Flash includes a key feature that makes converting video into vectors possible: Trace Bitmap. This tool turns a bitmap image into a vector graphic with discrete areas of color that are editable. It's great for creating stylized illustrations with a posterized look. More importantly, it can save you a tremendous amount of file size when used correctly.
An animation made of bitmaps can be quite heavy, even with a good amount of jpg compression applied. Converting the bitmaps to vectors gives you a smaller overall file and the chance to add more frames to the animation, resulting in a more fluid motion.
To convert a series of bitmap video images into vectors, follow these steps.
Open a new movie in Flash (use the keyboard shortcut Ctrl-N / Cmd-N).
Create a new symbol (use the keyboard shortcut Ctrl-F8 / Cmd-F8) and label it actionThrow or something similar. This symbol will hold the frames of your "virtual puppet."
In the Symbol Editor, choose File > Import (or use the keyboard shortcut Ctrl-R / Cmd-R) and select the first of the sequentially named files that you just created from your video editor. When prompted, confirm that you would like all the files imported as a sequence.
Select the bitmap in the first keyframe and choose Modify > Trace Bitmap.
Modify the Trace Bitmap settings to get the clearest vector image.
I've set the Color Threshold to 100 (see figure 06:02). The Color Threshold helps Flash determine how to "replace" the bitmap image's pixels with vector shapes . It does this by comparing the colorby the RGB valuesof each pixel. If the difference of the RGB values between pixels is less than the Color Threshold value you've entered, then Flash will consider the two to be the same color. The rule to remember is this: The higher the Color Threshold, the fewer the number of colors in the resulting image.
Modifying the other options within Trace Bitmap (Minimum Area, Curve Fit, and Corner Threshold) also greatly affects the resulting image. Because the possibilities are limitless and depend on the bitmap that you're tracing, I recommend starting with Color Threshold and then going from there. A couple of options, such as Pixels within Curve Fit and Many Corners within Corner Threshold, are generally not recommended and should be tested for file size before being included in your movie (the results often defeat the purpose of the whole Trace Bitmap processto keep file size down).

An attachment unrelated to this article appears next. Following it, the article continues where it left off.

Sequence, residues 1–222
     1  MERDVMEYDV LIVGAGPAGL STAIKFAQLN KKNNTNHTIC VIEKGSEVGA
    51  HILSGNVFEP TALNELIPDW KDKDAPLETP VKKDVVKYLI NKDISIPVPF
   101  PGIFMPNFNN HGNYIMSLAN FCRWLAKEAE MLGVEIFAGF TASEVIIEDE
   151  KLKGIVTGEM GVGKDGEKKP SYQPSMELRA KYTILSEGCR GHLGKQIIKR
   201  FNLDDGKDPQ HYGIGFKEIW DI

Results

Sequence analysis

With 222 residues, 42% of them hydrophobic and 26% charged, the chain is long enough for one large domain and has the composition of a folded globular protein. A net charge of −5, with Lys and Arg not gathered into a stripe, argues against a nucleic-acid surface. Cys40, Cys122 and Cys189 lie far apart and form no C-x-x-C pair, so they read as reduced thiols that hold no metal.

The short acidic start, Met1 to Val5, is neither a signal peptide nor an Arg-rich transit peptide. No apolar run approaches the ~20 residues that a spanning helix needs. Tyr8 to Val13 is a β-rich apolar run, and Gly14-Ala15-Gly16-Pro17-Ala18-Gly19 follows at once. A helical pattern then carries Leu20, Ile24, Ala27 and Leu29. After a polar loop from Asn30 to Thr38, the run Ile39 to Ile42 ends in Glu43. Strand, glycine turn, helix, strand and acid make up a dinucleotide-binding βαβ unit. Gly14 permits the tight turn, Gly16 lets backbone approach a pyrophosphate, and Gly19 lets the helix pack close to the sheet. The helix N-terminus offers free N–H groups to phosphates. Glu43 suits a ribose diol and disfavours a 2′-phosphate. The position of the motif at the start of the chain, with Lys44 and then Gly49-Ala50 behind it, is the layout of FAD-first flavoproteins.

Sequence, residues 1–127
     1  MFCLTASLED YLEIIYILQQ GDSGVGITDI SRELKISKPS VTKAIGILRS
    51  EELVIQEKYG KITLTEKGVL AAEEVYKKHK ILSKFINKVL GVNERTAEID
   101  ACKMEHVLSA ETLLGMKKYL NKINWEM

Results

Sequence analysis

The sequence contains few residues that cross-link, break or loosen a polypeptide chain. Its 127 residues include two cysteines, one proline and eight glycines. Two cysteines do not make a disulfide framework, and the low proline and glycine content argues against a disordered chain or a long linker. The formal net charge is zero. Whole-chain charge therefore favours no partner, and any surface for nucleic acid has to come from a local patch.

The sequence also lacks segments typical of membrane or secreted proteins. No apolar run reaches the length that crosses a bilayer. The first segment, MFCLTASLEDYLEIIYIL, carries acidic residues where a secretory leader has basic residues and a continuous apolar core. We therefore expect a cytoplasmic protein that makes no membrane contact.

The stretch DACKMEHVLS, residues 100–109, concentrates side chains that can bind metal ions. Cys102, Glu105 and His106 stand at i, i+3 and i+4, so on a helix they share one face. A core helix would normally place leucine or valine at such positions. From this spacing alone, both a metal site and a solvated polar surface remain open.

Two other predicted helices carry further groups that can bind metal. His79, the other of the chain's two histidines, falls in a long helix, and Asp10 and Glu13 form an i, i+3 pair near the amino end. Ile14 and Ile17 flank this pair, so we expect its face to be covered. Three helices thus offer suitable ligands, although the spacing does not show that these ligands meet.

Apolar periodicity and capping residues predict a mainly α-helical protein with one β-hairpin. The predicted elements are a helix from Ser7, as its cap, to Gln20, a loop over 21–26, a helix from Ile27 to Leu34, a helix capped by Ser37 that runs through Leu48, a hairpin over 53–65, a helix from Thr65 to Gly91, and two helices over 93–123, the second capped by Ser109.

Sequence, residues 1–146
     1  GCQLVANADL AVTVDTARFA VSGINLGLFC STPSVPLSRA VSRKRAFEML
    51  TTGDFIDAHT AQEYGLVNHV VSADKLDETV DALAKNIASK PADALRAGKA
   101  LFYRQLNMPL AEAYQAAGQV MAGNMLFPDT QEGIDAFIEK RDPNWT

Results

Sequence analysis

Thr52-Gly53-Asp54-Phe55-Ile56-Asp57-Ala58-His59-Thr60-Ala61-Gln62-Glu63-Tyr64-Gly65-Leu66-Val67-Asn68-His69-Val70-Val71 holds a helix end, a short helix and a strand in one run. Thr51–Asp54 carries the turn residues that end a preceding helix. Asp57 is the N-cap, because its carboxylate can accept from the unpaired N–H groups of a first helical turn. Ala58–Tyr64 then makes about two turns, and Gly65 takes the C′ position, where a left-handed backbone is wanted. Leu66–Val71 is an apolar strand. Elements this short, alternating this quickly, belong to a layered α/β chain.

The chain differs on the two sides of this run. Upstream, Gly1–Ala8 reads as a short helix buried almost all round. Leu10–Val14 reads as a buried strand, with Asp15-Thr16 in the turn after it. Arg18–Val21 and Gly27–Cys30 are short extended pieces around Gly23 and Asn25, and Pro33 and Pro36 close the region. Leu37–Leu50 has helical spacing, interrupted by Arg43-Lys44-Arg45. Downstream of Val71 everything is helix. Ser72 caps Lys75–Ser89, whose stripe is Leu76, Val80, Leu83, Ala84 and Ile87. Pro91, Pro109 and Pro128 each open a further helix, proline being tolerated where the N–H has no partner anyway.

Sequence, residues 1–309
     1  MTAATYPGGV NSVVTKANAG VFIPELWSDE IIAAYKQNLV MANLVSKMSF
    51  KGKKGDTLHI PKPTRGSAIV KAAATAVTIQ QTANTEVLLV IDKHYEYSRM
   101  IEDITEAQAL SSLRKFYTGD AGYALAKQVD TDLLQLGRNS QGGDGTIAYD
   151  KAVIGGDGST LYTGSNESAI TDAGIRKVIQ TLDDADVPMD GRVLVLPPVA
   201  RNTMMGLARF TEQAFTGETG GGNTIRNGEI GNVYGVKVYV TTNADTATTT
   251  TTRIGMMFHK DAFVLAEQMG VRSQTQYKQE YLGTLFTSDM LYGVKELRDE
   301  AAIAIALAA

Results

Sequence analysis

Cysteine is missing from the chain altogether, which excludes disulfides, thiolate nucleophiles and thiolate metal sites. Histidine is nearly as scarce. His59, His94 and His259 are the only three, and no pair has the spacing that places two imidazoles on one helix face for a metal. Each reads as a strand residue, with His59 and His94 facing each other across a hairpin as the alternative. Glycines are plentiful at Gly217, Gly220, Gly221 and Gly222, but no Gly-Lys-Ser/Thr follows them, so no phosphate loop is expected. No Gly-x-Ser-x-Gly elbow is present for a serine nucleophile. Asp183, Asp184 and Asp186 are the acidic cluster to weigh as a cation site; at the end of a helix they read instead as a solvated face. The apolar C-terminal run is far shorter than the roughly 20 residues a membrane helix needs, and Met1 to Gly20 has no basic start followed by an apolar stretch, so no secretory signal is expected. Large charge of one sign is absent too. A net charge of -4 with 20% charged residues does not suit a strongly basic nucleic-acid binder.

Set the Minimum Area to a low number as well (see figure 06:03); the example bitmaps were traced with a Minimum Area of 2 pixels. Changing the Minimum Area sets the size of the pixel block that Flash looks at when tracing. The lower the number, the finer the trace.
From the Curve Fit drop-down list, select the Very Tight option.
This choice gives you a more detailed vector shape than Normal, Smooth, or Very Smooth. The Pixel option is, in most cases, overkill and ends up giving you a very heavy vector graphic (in terms of file size).
In the Corner Threshold drop-down list, select Many Corners. Again, this is a good choice when you want a vector shape with detail.
After you've clicked OK to confirm your choices, Flash displays a progress bar as it traces the bitmap.
When the tracing is finished, deselect the image. Figure 06:04 shows the image after it has been deselected.
Now, we'll begin eliminating the unnecessary portions of the vector graphic. At this stage, the wisdom of preplanning will become abundantly clear. When a foreground image contrasts sharply with the background, it's much easier to isolate the foreground.
Initially, you'll use the Pointer tool to draw a marquee around large sections of the image you don't want and delete them as shown in figure 06:05.
Use the Pointer tool to drag a rectangle around unwanted sections of the traced bitmap.
After you've removed the large, unwanted sections of the traced bitmap, use the Zoom tool to magnify areas close to the foreground figure and select other objects to delete.
Be sure to select the background area behind the foreground object, especially if it is white. It's likely that there is another unwanted vector object there. To check for unwanted objects, go into Outline Mode for that layer (the third option located to the right of the layer name ). When you're finished, the figure should be clearly delineated.
Depending on the video imagery, you may be able to use an alternative technique to clean up each frame. Rather than selecting and deleting those objects you don't want, select all those that you do want. Choose Edit > Cut (or use the keyboard shortcut Ctrl-X / Cmd-X). Choose Edit > Select All (or use the keyboard shortcut Ctrl-A / Cmd-A) and delete everything selected. Then, choose Edit > Paste in Place (or use the keyboard shortcut Ctrl-Shift-V / Cmd-Shift-V). This replaces what was cut from the page (what you wanted to keep) and puts it back exactly where it was. Now, your vector graphic is clearly defined on the stage (figure 06:06 shows the graphic enlarged for detail).
The graphic looks clean, but it is still made of many individual vector objects. Now, you need to consolidate them into one object by using Select All and adding a fillin this case, black (see figure 06:07). Flash automatically merges the filled objects into a single one. Deselect the graphic.
Select the graphic once more and smooth it out with the Smooth tool (see figure 06:08). This refines the image a bit further and saves on file size (the Smooth tool reduces the number of points that define the shape of a graphiceffectively "smoothing it out"; by doing so, the computer has less to keep track of and process).
Select the next keyframe and repeat steps 513 until all keyframes are converted and optimized.